By Crystal Colwell / May 2nd, 2013
Hey ya’ll, Crystal here with this month’s Crystal’s Corner. It should probably be called Rambling Ramona but, as my name isn’t Ramona, we work with what we have! As always, I get a brilliant glimmer of an idea that is sparked by the most random and small detail yet sends me into a frenzy. This time, it was an interview in a gaming magazine. Grab some caffeine, get hyper with me and delve into the madness that I call a brain as I share with you my experiences and observations relating to video game graphics.
In a moment of boredom, I grabbed for a magazine which happened to be a copy of Game Informer that we had lying around the house. Inside the magazine was an interview with Pokemon Black and White 2’s director Takao Unno and producer Junichi Masuda, which I am very glad I chose to read. Reading through some of the questions, the interviewer got onto an interesting topic; he asked if the games were based on any real life locations. The answer he got really intrigued me as he went on to speak about how things were not ever really based off of anything totally true to life in the Pokemon world; and that while some places may resemble a certain area, nothing was completely based on real world factors. He went on to say that limiting the game to real world places would put real world limitations on it.
The interview really made me think! The guy was basically saying that by thinking of the Pokemon world as a real world location with real world definitions, it limited him. I think we can all agree that limitations in any video game are rarely a good thing to have.
With the PS4 announcement, the Wii U being available, and Microsoft’s next console likely not too far from being announced, the graphics of video game systems have been widely discussed. Where can we go and what can be improved upon? It is my opinion that the PS4 announcement showed us the direction in which we can go; it showed us the realism that is possible and it is magnificent. It is absolutely beautiful and mind blowing. While I see the beauty in what we can now accomplish, it also brings about a few questions and concerns.
The question we have to ask ourselves is this: will this help or hinder video games?
Do we need that realism? Do we really want our video games to look exactly like our actual life looks? In addition to that, will it make our video game creators feel hindered? Will they feel like they are being limited by the realistic factor? In video games, we can fly, breathe underwater, and our bodies in game can take enormous amounts of pain and punishment that our bodies in the real could not actually endure. None of this is real, but if our characters start to look exactly as we do, will we feel hindered by the realism?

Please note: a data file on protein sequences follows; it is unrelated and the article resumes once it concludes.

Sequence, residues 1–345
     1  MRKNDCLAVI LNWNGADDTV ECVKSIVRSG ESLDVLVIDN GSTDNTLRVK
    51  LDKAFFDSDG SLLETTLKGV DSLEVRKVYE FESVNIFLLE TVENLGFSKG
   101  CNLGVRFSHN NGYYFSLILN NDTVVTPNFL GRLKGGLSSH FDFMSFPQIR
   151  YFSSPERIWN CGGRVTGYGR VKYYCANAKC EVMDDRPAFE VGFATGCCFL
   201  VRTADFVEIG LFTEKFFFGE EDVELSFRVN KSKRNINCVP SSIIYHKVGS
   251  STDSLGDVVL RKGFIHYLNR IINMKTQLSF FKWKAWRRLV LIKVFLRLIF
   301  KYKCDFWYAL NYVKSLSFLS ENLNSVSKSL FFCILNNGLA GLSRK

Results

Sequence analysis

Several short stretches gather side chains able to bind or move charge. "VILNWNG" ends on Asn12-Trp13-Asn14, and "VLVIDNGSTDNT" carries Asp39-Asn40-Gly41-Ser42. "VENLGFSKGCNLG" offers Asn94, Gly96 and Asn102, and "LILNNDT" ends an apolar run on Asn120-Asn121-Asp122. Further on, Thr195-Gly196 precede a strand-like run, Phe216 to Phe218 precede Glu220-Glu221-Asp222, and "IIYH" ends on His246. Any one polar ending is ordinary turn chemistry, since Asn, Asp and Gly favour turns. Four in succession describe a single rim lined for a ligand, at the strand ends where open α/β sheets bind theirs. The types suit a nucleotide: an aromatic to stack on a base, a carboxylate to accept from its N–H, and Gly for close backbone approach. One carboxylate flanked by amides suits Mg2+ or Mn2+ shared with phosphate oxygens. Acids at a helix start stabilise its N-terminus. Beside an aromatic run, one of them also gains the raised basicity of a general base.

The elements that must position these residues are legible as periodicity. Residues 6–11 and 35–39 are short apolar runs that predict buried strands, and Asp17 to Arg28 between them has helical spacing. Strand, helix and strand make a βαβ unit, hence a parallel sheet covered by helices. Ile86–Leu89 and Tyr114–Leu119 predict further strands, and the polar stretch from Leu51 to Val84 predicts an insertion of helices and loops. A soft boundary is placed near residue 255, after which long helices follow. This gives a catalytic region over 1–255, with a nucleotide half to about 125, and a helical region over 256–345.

“Games are supposed to be another reality, something we can escape into.” This is what my brother said to me once when we were discussing graphics and I have to say that I, at least in part, agree with him. While I am in no way opposed to the realistic graphics — and have found myself to be quite impressed with them — I just wonder if they will hinder our creativity.
The boundaries have been or are being broken down. Realism is no longer kept to real life or the movies. That realism is now available in video games. And with every advancement, we get closer and closer to that feeling of not being in a game but instead being in a real world setting. In RPG terms, the battle scenes have certainly come quite a long way already. While these graphics are certainly enjoyed by the masses, can we go too far?
The subject of violence in gaming is one that comes up a lot (serious, A LOT) in both my 3D life and my online life. It is something that I have discussed half to death. And while I am not really going to get too deep into it now, I do have to ask if this would contribute to the (false!) accusations that playing violent video games breeds violent people. If we are desensitized, and I think we are to a degree both by games and movies (As well as life just sucking sometimes and us needing to be able to overlook small injustices from time to time) will more realistic video games desensitize us more?
Once we have this realism, will it be easier for people to make the leap from shooting someone in GTA to shooting someone in the real? While certainly I think that people should still be able to differentiate between a game and a real world situation — and I think that most gamers can do this — will these graphics open us up to more criticism?
If you had to choose between realism or creativity, which would you choose? It is my greatest hope that we can have both. However, I have seen time and time again that many will not accept two good things at one time. We are often forced to choose, and if it comes down to a choice I am on the side of creativity. I am very interested in hearing where you stand on this topic. I think that I, along with many many others, will enjoy the realism once we are presented with it. But I think that my queries here are valid as well. Let us know where you stand in the comments below and, as always, please keep things respectful.
Crystal's Cornergame informerGraphicsPokemon Black 2 and White 2PS4